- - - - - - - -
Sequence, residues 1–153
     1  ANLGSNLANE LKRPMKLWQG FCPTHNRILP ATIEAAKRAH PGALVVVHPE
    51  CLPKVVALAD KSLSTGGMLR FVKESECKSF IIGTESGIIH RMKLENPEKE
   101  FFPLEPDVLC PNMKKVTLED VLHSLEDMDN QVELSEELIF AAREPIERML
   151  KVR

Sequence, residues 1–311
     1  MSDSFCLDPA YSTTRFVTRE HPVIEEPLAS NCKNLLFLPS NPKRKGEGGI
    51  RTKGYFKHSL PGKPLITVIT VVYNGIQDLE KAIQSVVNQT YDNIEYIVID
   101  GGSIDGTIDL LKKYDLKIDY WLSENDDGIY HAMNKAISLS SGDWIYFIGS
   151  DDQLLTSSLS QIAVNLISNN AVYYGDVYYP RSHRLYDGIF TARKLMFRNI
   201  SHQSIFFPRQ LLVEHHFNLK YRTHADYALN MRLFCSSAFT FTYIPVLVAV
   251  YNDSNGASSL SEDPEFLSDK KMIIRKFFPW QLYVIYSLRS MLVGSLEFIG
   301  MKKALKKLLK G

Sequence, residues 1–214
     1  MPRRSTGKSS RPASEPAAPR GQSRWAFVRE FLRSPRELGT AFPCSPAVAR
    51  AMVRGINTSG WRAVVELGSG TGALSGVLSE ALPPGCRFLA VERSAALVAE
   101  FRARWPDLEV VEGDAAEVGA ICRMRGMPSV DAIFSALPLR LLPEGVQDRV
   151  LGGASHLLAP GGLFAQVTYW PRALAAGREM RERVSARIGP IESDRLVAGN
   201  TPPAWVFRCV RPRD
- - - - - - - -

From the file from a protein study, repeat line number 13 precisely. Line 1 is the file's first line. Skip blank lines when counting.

   301  MKKALKKLLK G